"Milwaukee has such grand potential to become a leading bike friendly city. "
What is your job and its responsibilities?
I am a project coordinator for the Wisconsin Bike Federation working on a community effort called Connect 53212. A team of community liaisons and I encourage neighbors in the 53212 zip code to walk, bike, and bus more. We do this by talking to people on their doorstep about how they get around and offer free information like maps, safety tips and reasons to get around without a car. We also host lots of walks and bike rides to help people explore their neighborhood a little more and foster a culture around active ways of getting around. The 53212 zip code includes Harambee, Riverwest, and Brewers’ Hill, so a lot of our outreach focuses on bridging that Holton Street divide that segregates our communities.
How long have you lived in Milwaukee and what brought you here?
Before moving to Milwaukee last November I never thought I’d see myself leaving the friendly confines of Chicago’s Pilsen neighborhood. That neighborhood has everything I value: culture, community activism, and all of the taquerias and bakeries. Over the previous couple years, my long-time college friends, Lauryn and Nathan, would constantly try to lure me into visiting them and when I did, would always bring up the conversation of when I would be moving to Milwaukee. I was skeptical yet intrigued as to what they saw in Milwaukee to warrant uprooting their lives away from Chicago. It didn’t take very many visits to understand how amazing Milwaukee really is. It’s chock full of street fests, a top notch music scene, plenty of parks and bike trails, plus it has a humble small town vibe. The job opening at the Bike Fed sealed the deal. My friends were gracious enough to take me in.
What have you seen in other cities that you’d like to see in Milwaukee?
Better bike infrastructure. Milwaukee has such grand potential to become a leading bike friendly city. With its wide streets, low levels of traffic, and access to a plethora of trails it is just prime for an upgraded bikeway network. After talking with hundreds of people about how they get around, I learned that most would bike places if they felt safe enough. That comes from a real fear of getting hit by cars. One form of segregation I can get behind is separating car traffic from bike traffic. Protected bike lanes use barriers to keep cyclists away from fast moving and sometimes distracted drivers. By encouraging more people to bike we can build a healthier, cleaner, and more economically prosperous Milwaukee. Bikeways are the future. Other cities are catching on while Milwaukee is falling behind.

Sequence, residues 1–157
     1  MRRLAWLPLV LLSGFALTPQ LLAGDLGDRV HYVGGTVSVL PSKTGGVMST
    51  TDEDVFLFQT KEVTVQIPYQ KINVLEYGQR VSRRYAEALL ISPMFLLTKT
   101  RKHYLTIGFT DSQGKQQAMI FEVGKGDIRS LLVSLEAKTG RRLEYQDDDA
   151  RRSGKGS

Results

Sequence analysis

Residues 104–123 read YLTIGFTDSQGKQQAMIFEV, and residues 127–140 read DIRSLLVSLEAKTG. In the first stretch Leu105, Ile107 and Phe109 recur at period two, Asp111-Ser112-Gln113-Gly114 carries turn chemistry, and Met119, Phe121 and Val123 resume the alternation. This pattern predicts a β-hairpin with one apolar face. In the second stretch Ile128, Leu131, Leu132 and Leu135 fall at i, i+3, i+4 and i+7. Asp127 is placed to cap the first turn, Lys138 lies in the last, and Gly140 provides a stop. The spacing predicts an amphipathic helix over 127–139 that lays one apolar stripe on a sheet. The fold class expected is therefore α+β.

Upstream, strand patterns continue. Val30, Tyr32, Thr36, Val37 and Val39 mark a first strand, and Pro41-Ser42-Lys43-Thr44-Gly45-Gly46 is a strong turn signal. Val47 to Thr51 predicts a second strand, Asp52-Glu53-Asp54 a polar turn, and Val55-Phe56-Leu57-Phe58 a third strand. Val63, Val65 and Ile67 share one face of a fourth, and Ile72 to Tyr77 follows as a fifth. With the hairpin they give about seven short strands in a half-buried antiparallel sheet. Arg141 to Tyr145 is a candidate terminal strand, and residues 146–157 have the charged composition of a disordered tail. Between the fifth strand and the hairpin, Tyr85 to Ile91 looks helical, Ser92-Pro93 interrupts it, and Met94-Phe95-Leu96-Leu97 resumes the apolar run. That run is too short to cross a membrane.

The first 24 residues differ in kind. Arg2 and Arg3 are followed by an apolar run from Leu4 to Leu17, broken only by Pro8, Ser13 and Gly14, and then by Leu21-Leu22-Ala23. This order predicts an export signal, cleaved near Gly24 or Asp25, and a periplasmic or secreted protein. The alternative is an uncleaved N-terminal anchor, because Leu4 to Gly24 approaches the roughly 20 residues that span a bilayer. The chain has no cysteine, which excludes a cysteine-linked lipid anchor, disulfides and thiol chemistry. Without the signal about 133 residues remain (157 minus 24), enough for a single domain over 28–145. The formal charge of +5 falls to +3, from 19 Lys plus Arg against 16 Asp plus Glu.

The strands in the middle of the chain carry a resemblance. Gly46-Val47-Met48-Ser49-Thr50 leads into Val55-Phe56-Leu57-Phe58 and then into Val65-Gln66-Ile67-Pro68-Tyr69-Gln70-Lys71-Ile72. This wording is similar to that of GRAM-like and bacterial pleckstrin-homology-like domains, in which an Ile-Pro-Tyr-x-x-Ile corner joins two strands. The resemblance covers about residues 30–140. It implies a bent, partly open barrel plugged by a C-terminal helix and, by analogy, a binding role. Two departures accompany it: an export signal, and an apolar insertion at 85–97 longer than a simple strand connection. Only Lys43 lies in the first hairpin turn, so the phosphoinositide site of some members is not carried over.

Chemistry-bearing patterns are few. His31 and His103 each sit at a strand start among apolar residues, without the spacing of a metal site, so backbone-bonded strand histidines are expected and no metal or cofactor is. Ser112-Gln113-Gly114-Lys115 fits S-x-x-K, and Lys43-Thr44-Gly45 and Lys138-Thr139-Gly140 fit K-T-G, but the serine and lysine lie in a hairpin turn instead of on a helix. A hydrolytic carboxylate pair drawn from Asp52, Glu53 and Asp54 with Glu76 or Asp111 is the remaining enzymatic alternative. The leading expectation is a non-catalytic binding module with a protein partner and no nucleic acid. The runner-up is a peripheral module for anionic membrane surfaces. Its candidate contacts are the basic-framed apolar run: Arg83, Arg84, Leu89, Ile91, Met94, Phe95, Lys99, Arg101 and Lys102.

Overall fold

Drivers don’t yield to pedestrians in Milwaukee. In many west coast cities, people crossing the street assert their dominance as the most vulnerable user of the road by stepping out in front of cars and people driving will actually stop. It might be the driving culture here, the sentiment that cars rule the road that keeps people stuck at an intersection trying to cross the street for way longer than they should. It also goes both ways. People crossing the street accept the status quo that they should wait until it’s clear before exercising their right to cross in a crosswalk without getting hit. Just a reminder: all vehicles (yes, even bikes) must yield to pedestrians crossing in the crosswalk.
Favorite little known fact/secret/hidden gem in Milwaukee?
Ever heard of geocaching? It’s a GPS based game where you go out and find hidden treasures that other people hide in public places. Milwaukee has loads of them. Sometimes you have to solve riddles and decode letters to unlock hints. It’s a great way to explore Milwaukee or any city really. It’s played all over the world. Check out geocaching.com if you’re exploring bug is biting.
What is the most effective way to implement change in Milwaukee?
While working for Chicago’s DOT, I noticed a lot of top-down approaches to change. Whatever the mayor wanted, happened. Like the unfortunate closing of 50 schools on the south side or on a more positive note, 100 miles of protected bike lanes. Constituents have a voice in Chicago, but for the most part could only influence changes on a very local level. In Milwaukee I quickly learned that a community has much more power in creating change and influencing our leaders. A gathering of just a dozen people surrounding issues of public safety or access to transit will draw the attention of Alderpeople and City Engineers. City staff actually care and will seriously consider neighbors’ requests when asked respectfully. That’s something that Milwaukee residents should not take for granted.